I’ve sensed no reply until recently. But lately I’ve sensed that God may want to use another brook or another source to provide for us. I’ve been sitting by the brook not wanting to change, but God seems to be leading us to move out of what is comfortable and yet still be obedient as servants of His gospel.

Here are a few things I’m feeling led to do:

I’ve asked Robin to find other work. She’s been the church secretary for eight years, but the finances to pay her aren’t coming in right now. She has already found another job and will start working at a local veterinarian in June. She has loved working for the church, but we really need the income she makes and perhaps working somewhere else will open other doors we haven’t yet foreseen.

I’ve given Stephen the freedom to consider working somewhere else too. The money to pay him hasn’t been coming in of late either. Both he and I have been working without pay for several weeks. Stephen is putting out his resume as a percussion instructor and also looking for other work that wouldn’t prevent him from continuing to live out his passion for leading worship. I’m really proud of him. He is willing to sacrifice and work side jobs in order to have the resources to keep serving at WCC.

I’ve taken some side work too. As many of you already know, I have been working with the Innovative Church Community to help develop learning communities in North Carolina for pastors and ministry leaders. I’ve been under a short term contract with them for several months. This small income stream has been a real blessing. I’ve also been certified as a Christian life coach. I’m currently coaching several church planters that pay me an hourly fee. Plus, I’ve been trying to write more. I recently sold an article to Church Solutions Magazine.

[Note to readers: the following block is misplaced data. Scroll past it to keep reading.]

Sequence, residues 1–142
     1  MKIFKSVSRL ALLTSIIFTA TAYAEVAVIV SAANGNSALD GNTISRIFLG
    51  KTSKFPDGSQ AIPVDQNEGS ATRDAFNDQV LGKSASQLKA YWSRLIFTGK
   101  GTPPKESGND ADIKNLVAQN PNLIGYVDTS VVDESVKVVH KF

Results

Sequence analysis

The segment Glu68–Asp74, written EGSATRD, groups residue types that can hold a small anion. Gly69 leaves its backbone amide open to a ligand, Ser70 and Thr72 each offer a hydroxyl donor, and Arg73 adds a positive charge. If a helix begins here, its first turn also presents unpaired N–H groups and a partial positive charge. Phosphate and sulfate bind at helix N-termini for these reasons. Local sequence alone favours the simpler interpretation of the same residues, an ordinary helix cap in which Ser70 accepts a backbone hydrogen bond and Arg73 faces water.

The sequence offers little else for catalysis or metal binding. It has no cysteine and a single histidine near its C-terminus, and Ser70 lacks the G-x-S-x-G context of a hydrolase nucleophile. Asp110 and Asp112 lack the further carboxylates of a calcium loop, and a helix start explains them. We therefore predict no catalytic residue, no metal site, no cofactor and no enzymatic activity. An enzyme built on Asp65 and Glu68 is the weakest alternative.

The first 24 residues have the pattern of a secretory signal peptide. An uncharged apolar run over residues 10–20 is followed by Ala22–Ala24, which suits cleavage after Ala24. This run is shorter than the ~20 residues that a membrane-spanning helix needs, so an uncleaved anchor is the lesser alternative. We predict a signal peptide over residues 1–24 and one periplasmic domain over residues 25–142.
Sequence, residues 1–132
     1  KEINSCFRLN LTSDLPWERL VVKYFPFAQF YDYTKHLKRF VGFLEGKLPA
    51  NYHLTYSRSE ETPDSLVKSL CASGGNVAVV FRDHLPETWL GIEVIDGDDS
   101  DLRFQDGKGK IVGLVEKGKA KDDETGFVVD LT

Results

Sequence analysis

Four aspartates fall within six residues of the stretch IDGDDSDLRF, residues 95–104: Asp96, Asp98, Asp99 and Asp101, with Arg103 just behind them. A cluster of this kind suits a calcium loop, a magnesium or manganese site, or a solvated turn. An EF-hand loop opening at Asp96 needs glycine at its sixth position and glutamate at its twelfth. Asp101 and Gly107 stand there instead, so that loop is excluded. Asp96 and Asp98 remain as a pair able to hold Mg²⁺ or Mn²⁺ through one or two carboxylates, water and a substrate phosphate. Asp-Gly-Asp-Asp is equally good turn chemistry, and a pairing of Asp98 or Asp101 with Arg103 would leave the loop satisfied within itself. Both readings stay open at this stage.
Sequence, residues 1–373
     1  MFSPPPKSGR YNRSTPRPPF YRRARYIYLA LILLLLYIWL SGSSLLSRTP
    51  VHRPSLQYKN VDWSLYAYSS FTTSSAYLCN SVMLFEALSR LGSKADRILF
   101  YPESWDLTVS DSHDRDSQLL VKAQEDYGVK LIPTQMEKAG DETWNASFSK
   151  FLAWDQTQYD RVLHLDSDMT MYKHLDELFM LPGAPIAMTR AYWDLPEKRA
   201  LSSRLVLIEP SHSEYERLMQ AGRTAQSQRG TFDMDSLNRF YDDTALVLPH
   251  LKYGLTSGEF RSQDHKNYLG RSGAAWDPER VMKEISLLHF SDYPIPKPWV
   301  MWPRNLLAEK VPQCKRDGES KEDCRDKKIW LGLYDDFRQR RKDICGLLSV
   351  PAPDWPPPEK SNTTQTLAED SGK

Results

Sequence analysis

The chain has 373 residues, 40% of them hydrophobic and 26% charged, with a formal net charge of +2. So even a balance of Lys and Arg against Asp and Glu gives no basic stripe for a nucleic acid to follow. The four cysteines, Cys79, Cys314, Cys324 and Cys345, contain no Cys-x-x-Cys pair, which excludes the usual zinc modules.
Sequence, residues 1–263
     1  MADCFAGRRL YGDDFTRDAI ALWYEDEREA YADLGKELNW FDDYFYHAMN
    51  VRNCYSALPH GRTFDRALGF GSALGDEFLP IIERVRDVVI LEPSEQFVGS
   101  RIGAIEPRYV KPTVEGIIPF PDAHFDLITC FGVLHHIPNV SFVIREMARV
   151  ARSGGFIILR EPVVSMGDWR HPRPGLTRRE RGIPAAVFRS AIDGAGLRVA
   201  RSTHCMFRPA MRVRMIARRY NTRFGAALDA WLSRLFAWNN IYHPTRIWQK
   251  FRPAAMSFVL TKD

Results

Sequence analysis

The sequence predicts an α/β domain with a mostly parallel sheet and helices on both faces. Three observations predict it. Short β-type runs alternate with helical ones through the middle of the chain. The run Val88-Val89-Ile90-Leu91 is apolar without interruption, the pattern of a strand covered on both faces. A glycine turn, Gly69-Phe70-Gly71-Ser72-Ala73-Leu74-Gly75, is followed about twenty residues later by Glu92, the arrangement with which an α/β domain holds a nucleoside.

Finally, I’ve decided to stop being too proud to ask for bread from the “widow.” It must have been hard for Elijah to take food from her. She didn’t have enough even for herself and her son. But Elijah believed God. He believed God enough to ask the widow to believe too. He told her to make a little cake for him first and then there would be enough for her and her son too. He told her that if she would give the first portion of whatever she had to God, that God would always meet her and her family’s needs.

Do you know what happened? God used a widow’s empty jar to feed the man of God and the widow’s family.

I’m going to change my view of our church as being made up of people who don’t have anything to give. I’m going to ask people to stop looking at their empty jars and start asking them to believe God. We shouldn’t even be looking to jars or brooks anyway. We should be looking to God.

So, we’re moving away from dependence on one little brook. God’s not the brook anyway. He is the water. He is the life. He is what we need. And He can use any brook or widow’s jar He chooses.

Besides, He loves making dried up things flow with life and empty things full.

We Have A Great Church!

Let another man praise thee, and not thine own mouth; a stranger, and not thine own lips. (Proverbs 27:2 KJV)

“Sounds like you have a great church!” My new friend Larry said, as we sat in a booth at a local Mexican restaurant getting acquainted.

Larry is a missionary and the father of Susanna, one of the Barton college students that recently joined WCC. She arranged for me to meet her father when he came to pick up her up from school this week.